Motion made, and Question proposed— That there be laid before this House, a Return of all persons in India receiving salaries, pensions, pay, profits, fees, emoluments, allowances, or grants of public money, by virtue of any direct or indirect nomination, recommendation, or appointment by the President of the Board of Control over the Affairs of India alone, or by virtue of any arrangement with the Board of Directors of the East India Company, and the dates of each such nomination, recommendation, or appointment respectively, from the 1st day of January, 1832, to the 1st day of March, 1850, excepting the Judges of the Superior Courts of Law in India; stating the total amount received by each individual in each year, and distinguishing the sources from which the payments are made.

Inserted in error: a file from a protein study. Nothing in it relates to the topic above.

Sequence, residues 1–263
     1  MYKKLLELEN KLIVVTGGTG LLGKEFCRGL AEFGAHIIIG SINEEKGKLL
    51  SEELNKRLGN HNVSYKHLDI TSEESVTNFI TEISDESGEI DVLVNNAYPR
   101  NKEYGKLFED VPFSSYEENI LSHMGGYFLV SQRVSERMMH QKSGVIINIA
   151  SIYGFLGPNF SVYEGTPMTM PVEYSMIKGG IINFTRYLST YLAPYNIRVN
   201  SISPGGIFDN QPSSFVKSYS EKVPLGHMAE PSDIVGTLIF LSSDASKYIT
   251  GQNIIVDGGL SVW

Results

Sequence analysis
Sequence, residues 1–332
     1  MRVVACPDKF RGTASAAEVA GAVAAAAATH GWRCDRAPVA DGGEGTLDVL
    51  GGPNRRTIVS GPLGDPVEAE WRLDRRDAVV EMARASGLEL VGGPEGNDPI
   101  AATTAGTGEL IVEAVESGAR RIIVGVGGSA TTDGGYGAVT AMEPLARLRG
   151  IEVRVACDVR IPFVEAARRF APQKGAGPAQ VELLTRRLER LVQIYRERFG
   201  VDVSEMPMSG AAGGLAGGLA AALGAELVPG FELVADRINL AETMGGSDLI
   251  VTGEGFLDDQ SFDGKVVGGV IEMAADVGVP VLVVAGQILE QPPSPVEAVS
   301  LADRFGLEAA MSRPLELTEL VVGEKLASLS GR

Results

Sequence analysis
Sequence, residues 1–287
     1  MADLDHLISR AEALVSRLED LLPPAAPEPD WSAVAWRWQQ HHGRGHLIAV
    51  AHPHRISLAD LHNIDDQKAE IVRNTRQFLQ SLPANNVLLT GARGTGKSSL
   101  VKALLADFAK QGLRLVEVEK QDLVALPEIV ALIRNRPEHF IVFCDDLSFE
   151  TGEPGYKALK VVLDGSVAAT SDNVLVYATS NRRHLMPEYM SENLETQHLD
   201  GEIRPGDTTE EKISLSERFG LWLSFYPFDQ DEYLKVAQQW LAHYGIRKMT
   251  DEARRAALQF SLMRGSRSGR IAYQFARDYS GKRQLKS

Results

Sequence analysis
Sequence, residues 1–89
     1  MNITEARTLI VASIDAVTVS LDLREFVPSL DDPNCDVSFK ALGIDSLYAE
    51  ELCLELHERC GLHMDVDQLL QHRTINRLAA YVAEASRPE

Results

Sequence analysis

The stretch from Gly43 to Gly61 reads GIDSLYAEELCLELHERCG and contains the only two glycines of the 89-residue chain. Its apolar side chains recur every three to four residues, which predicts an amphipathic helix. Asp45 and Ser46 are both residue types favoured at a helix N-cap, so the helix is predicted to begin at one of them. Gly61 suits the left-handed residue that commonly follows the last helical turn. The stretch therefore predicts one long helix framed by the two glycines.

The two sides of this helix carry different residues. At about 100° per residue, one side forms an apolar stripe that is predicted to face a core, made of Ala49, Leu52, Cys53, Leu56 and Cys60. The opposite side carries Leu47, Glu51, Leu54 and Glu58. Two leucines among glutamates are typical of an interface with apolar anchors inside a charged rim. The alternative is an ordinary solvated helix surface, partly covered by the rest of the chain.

said, that if the answer which he gave to the hon. and learned Member was not so satisfactory as he could wish, or as the House might expect, a reason for it could be found in the speech just delivered by the hon. and learned Member. The returns for which the hon. Member moved, had reference to all patronage except that connected with judicial appointments, while his speech referred to nothing but patronage of this kind. It was impossible, therefore, for him to suppose, upon looking to the Motion, that a speech should have been made directed solely to the necessity of an inquiry into the exercise of patronage solely connected with judicial appointments. The words of the resolution were, "excepting the Judges of the superior courts of law in India." Was it possible, therefore, for him to suppose that the hon. and learned Member intended to make any complaint of the manner in which the judicial patronage had been exercised on the part of the Board of Control? He was perfectly prepared to show why the former part of the return could not be made, and had told the hon. and learned Member privately the reason why it could not be granted. The return would require the name of every cadet who had been appointed by any President of the India Board from 1832 to 1850; and it would be necessary to show where they now were, although it was clear that a great many of them could not be in the land of the living. As to what salaries they might now have, that fact had nothing to do with the pay they received on entering the service; and it would be necessary to send to all parts of India for information on this matter, connected as it was with many hundred persons—for the hon. and learned Gentleman also included the writers, and all other persons with whom the President of the Board of Control had anything to do, and also the salaries received by them. With every desire on his part to give what information he could, it would be impolitic for him to furnish these returns. He had no objection to show how he had disposed of the patronage of his office; but such a mass of information as that now called for would teach nothing. The hon. and learned Member said, the returns would show the same systematic exclusion of Irishmen from other offices in India, as was observable in regard to judicial appointments. It was not quite constitutional to inquire of a Minister of the Crown why he recommended an individual to the Crown for a judicial appointment, unless it should appear that such person had misbehaved. According, however, to the hon. and learned Member, he (Sir J. Hobhouse) was answerable not only for those he appointed, but for those he did not appoint; if that was to be the case, there would be no end of complaint of the disposal of the patronage of the Crown. He would, however, state what occurred after the hint the hon. and learned Member gave him on this subject last year, and with respect to which he now alleged that he (Sir J. Hobhouse) had forfeited his pledge. He did not allow many weeks to pass after this conversation before he wrote to the Earl of Clarendon, asking him whether he could recommend any gentleman at the Irish bar for an appointment to the India bench, in case a vacancy occurred. A vacancy did take place in the recordership of Penang, which the hon. and learned Gentleman, under great misconception, intimated was not a seat on the Indian bench. It was a settlement under the jurisdiction of the East India Company, and the appointment to the recordership was considered to give a good chance of a seat on the Indian bench, and the salary also was very considerable. In conformity with what he had just stated, as to the estimation in which the holder of the office of Recorder of Penang was treated, he might mention that he had recommended two gentlemen who had held that office to seats on the Indian bench—he alluded to Sir Edward Gambier and Sir Christopher Rawlinson. The hon. and learned Member had spoken as if it was a disgrace to hold that appointment, or to have it offered to a person. He only wished the hon. and learned Member had had the trouble to answer the very numerous letters in which application was made for it. When a vacancy occurred in the recordership of Penang, he had written to the Lord Lieutenant of Ireland, asking him to name any learned gentleman who would accept the offer if Her Majesty should be graciously pleased to appoint him to it. In consequence of this, a gentleman belonging to the Irish bar was recommended, and he (Sir J. Hobhouse) had every reason to believe that the gentleman in question would acccept the place. But when he came to London, this learned person made the same discovery as the hon. Member, that Penang was a penal settlement, and objected to go there. It was not intended to send him there for punishment. No doubt Indian convicts were sent to this place, as other convicts were sent to Van Diemen's Land, Bermuda, or Gibraltar; but no one ever thought that it was disgraceful to go to any of these places as a Judge. Upon the refusal of this gentleman, he (Sir J. Hobhouse) again wrote to the Irish Government, requesting that another gentleman might be recommended for the appointment. He received an answer, that a gentleman well adaped for the office was ready to accept it. After he had made inquiry into the character and acquirements of this gentleman, and was satisfied with the result, he recommended this Irish barrister for the office, and Sir W. Jeffcot was at this moment Recorder of Penang. Under these circumstances he did not think it was altogether fair, on the part of the hon. and learned Member, to say he had not fulfilled his pledges. The hon. and learned Member complained, however, that an Irish barrister had not been appointed to the Chief Justiceship of Madras, to which he had recommended Sir Christopher Rawlinson. He did not wish to make any invidious comparison between the English and the Irish bar, but he would say that it was impossible to appoint any person who had greater acquirements for the office than that learned person, to say nothing of his experience in the administration of justice. The hon. and learned Gentleman, in talking with him on the subject, did not seem to be aware that the Recorder was one of the most important functionaries in the settlement, for he said no Judge would like to take his wife to Penang. Sir Christopher Rawlinson and other recorders of that place took their wives with them, and he (Sir J. Hobhouse) had never heard any complaints of their having been contaminated in consequence. With respect to the charge of neglecting Irish barristers, he was satisfied that he had offered either four or five places on the Indian bench to members of the Irish bar, and he had the dissatisfaction of receiving a refusal to accept the appointment in each case. On two occasions the office had been accepted—one was by Baron Richards—but afterwards declined. The hon. and learned Member laboured under a delusion when he asserted that he (Sir J. Hobhouse) had forgotten the Irish bar in the distribution of the patronage of his office. He had shown that they would not let him forget them if he had wished to do so. In conclusion, he would only repeat the pledge which he had given before, and state that the claims of those whose cause had been advocated by the hon. and learned Member should meet with due attention from him.